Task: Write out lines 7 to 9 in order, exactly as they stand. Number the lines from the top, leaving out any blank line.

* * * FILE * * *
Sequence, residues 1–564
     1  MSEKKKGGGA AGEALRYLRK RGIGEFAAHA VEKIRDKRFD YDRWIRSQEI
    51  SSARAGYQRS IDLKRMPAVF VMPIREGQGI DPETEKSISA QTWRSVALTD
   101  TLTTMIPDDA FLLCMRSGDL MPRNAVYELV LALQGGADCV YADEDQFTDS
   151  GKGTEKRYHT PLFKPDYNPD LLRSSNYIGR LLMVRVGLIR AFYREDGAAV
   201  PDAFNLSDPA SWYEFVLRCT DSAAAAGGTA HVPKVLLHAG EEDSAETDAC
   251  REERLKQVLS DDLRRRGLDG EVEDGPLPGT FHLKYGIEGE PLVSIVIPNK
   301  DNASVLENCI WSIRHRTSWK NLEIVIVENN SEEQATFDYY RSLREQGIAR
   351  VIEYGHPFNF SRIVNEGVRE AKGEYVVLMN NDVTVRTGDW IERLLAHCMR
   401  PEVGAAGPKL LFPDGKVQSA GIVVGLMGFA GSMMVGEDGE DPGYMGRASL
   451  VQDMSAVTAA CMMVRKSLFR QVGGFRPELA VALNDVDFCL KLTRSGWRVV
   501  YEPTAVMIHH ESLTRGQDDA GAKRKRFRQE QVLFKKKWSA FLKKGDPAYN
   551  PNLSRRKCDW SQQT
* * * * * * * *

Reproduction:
   251  REERLKQVLS DDLRRRGLDG EVEDGPLPGT FHLKYGIEGE PLVSIVIPNK
   301  DNASVLENCI WSIRHRTSWK NLEIVIVENN SEEQATFDYY RSLREQGIAR
   351  VIEYGHPFNF SRIVNEGVRE AKGEYVVLMN NDVTVRTGDW IERLLAHCMR